Former Democratic Senator Heidi Heitkamp, one of the party’s leading voices on tax policy, said a proposal to tax assets valued at the death of President Joe Biden would hurt family farms and businesses family.
“I am trying to sound the alarm both economically and politically for Democrats that this is not the way to go,” she said in an interview on “Squawk Box”. “The disruption this will cause to small family businesses, farmers and homestead is not worth it. “
Biden has proposed taxing assets appreciated on death for income over $ 1 million. He also proposed raising the capital gains tax to ordinary income rates. The plan is under discussion in Congress as part of a reconciliation bill. According to his proposal, people who have inherited private businesses or assets worth several hundred thousand dollars may be subject to an immediate capital gains tax of more than 40%, even if they do not make a sale.
Currently, in what is called an “increase on base”, individuals can receive valuable assets without paying tax and the value is “increased” from the current valuation, effectively reducing the value. tax benefit of the deceased. erase. Biden and many progressive Democrats say the move is a huge loophole for the wealthy, allowing millionaires and billionaires to pass businesses and assets to their families from generation to generation without paying capital gains tax.
Hetkamp, who served in the Senate until 2019, chairs a new nonprofit called Save America’s Family Enterprises (SAFE), which campaigns against the proposal and runs ads featuring family businesses. Neither Hetcamp nor the group disclose their donors.
Hetkamp said she supports increasing the capital gains tax to ordinary income rates because “unearned income should not be taxed at a much lower rate than earned income.” She is also in favor of eliminating mark-ups in the base, so that assets are not “upgraded” to a new valuation when they are inherited, but retain their original basis when they are sold.
He said opposing Biden’s plan was an immediate tax on death. Families should only pay capital gains tax when the property is sold and the gain is realized, she explained.
“What I find most disturbing about this is that suddenly, for the first time, we are going to tax unrealized capital gains,” she said. “My position has always been that you should make capital gains. “
She cited the example of a truck driver named Sam, whose family has owned a Lake Cabin in Minnesota for generations and its value has skyrocketed with gentrification over time. Next door, a wealthy buyer buys land for $ 2 million and builds a mansion for $ 2 million. If both die, the wealthy owner can pass his property on to his family and pay no tax, as he will have a higher current base. However, Sam’s family will potentially have to pay millions in taxes even if the family doesn’t sell the property.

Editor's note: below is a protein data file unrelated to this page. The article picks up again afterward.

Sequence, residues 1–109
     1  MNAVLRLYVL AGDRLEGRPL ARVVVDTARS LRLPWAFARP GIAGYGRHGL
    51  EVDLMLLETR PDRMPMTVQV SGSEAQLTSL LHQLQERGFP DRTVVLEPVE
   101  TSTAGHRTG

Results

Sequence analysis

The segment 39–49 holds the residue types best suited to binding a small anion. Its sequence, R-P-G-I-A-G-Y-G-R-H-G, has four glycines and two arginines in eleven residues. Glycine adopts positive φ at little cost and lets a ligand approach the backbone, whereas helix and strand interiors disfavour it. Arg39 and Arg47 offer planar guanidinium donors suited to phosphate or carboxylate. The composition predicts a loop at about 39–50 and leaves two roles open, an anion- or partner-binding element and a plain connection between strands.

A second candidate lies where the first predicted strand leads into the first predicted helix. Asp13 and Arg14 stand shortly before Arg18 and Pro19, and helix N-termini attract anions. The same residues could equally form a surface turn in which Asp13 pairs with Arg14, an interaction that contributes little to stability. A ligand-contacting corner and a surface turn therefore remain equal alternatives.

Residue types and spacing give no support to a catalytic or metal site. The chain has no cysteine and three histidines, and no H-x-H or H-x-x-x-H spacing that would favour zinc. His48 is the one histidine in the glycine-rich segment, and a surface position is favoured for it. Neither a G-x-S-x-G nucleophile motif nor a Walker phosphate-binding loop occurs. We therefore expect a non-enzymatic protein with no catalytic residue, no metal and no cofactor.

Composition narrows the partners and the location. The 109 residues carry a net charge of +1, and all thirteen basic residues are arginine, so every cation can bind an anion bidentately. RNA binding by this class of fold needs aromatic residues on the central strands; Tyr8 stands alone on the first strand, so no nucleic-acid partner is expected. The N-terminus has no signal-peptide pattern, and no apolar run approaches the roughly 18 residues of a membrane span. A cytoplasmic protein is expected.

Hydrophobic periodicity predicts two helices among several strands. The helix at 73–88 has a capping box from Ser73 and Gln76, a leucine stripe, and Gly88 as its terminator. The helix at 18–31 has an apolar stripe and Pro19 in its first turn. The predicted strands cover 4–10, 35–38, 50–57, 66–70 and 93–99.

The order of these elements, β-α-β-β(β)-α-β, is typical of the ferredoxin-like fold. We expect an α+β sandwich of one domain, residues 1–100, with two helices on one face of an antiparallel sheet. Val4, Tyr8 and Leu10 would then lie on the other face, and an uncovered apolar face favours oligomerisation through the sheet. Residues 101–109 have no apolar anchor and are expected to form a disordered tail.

She said this would also apply to family businesses and farms.
“Family assets are more than a balance sheet,” she said. “Family ownership is about where we work, where we live and where we recreate. When you tax unrealized capital gains, you are opening a Pandora’s Box. Which won’t stop for a long, long time.
The White House said family farms and family businesses would be exempt from tax until the assets are sold. Households will also have up to 15 years to pay the tax to reduce the pressure on them to sell immediately. A White House analysis said only the richest 0.3% of taxpayers would have to pay taxes, as couples could be exempted up to $ 2.5 million if that included real estate.
Howard Glickman, a senior researcher at the Urban-Brookings Tax Policy Center at the Urban Institute, said Biden’s plan to tax assets appreciated on death is an important part of the overall plan to increase rates of capital gains at death. ordinary income rates. Without taxing assessed property on death, he said, wealthy families would simply keep the property indefinitely to avoid the higher capital gains tax.
“Biden’s proposal to raise capital gains tax rates to ordinary income rates would produce little income and have troubling economic effects without any gain in the event of death,” he said. “Even with an increase, tax will not be paid until the heir sells, which could occur decades after the death of the original investor. He or she could leave investments stuck in underperforming assets for generations tied up. ”